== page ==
Iodine Deficiency in Small Ruminants

Lucienne Downs, New South Wales Government District Veterinarian, Central Tablelands Local Land Services
(Previously published online with New South Wales Government Local Land Services)

A severe deficiency of iodine causes a lack of essential thyroid hormone production and the thyroid gland enlarges. The enlarged thyroid gland is called goiter. The swelling occurs in the throat area and can be as large as an orange. Goiter is mainly a disease of lambs and kids, it rarely occurs in calves. Goats have a higher requirement for iodine than other livestock.

Causes of Iodine Deficiency

  • It mostly occurs due to insufficient intake of iodine from the pasture.
  • Iodine deficiency may also be caused by goitrogens – substances within the feed which inhibit the utilization of dietary iodine. Goitrogens have been detected in some legumes and forage crops, but are considered unlikely to be a significant cause of goiter.

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Nutrient Value of Wheat Straw

Dr. Laura Lindsey, Associate Professor, Soybean and Small Grains Specialist
Lee Beers, OSU Extension Educator ANR, Trumbull County
Ed Lentz, OSU Extension Educator ANR, Handcock County

Before removing straw from the field, it’s important farmers understand the nutrient value. This is especially important now with high N, P, and K fertilizer prices. The nutrient value of wheat straw is influenced by several factors including weather, variety, and cultural practices. Thus, the most accurate values require sending a sample of the straw to an analytical laboratory. However, “book values” can be used to estimate the nutrient values of wheat straw. In previous newsletters, we reported that typically a ton of wheat straw would provide approximately 11 pounds of N, 3 pounds of P2O5, and 20 pounds of K2O. According to June 2022 fertilizer prices and nutrient removal “book values”, one ton of wheat straw would remove N, P, K valuing approximately $30.31. Continue reading

How Do Sulfates in Water Affect Livestock Health?

Robin Salverson, South Dakota State University Extension Cow/Calf Field Specialist
(Previously published with South Dakota State University Extension: November 18, 2021)

Water sources that are often assumed to be safe, such as spring fed reservoirs and clear appearing water, can still be high in salts/sulfates. The visual appearance of water should not be used to determine if the water is good or bad. The only way to know if water is suitable for livestock is through testing.

Health Considerations
Poor-quality water will cause an animal to drink less. As a result, they also consume less forage and feed, which leads to weight loss, decreased milk production, and lower fertility.

Sporadic cases of polio can be Continue reading

Reading Your Feed and Forage Analysis Reports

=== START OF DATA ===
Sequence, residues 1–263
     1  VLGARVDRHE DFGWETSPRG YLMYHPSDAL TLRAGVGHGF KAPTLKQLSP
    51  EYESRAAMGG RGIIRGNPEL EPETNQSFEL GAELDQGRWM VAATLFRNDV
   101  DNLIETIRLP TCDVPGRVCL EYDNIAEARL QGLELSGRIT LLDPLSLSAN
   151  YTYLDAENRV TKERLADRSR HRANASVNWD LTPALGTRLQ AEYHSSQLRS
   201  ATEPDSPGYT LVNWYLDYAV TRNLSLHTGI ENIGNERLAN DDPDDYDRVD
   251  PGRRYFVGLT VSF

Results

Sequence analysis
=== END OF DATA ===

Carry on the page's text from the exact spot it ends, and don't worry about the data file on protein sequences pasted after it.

Anita Heeg, Feed Ingredients and Byproducts Specialist, Ontario Ministry of Agriculture, Food, and Rural Affairs
(Previously published online in Progressive Forage: February, 28, 2022)

Over the last 25 years, animal production has improved significantly to have more milk and meat production per animal. To support our ability to feed and manage modern animals, technology to better analyze feed ingredients has also changed to keep up with production.

Feeds are more thoroughly analyzed today than they were before, allowing feeds to be utilized to their full potential. Although the layout of reports may be different between laboratories, the various parameters required for nutritionists are included in most feed analysis reports. In the subsequent paragraphs, I will describe the type of information found in a feed analysis and what it means.

Every report will include the dry matter of the feedstuff. The reason for obtaining the dry matter is because moisture dilutes the concentrations of the nutrients present, and it is standard practice to evaluate the feed and balance rations using a dry matter basis.

Crude protein (CP) is a term well-known among producers and is calculated based on the nitrogen content of the feedstuff. Without looking at the type of protein it is made up of, it doesn’t tell us more than Continue reading

Feeding Small Ruminants Based on Age and Stage of Production

In times of economic stress, reducing feed costs through least cost formulations or improving current feeding regiments will greatly benefit the success of your operation. For those looking to improve their nutritional program, Philip Berg with the Pipestone sheep management program reviews the energy and protein requirements of ewes during various stages of production. Philip also reviews alternative feeding strategies that may allow for you to capitalize on the benefits of your current system or point out areas in which could use some improvement. There is something for everyone to learn in this piece – enjoy!

Importance of Nutrition Management to Avoid Acidosis

Jeff Held, South Dakota State University Sheep Extension Specialist
(Previously published online with South Dakota State University Extension: November 18, 2021)

As lambing continues and we begin to introduce lambs to feed, keeping a watchful eye over the flock will be critical for feeding success. For those that have experienced acidosis you know that it can happen in a blink of an eye. Once visual signs are noted its often too late for corrective treatment. With the current prices of lambs in todays market, we can not afford to lose any lambs due to mismanagement. Whether you have fed lambs for 50 years or never before, this quick read from Jeff Held with South Dakota State University will be well worth the read as it could save a lamb or two. Enjoy!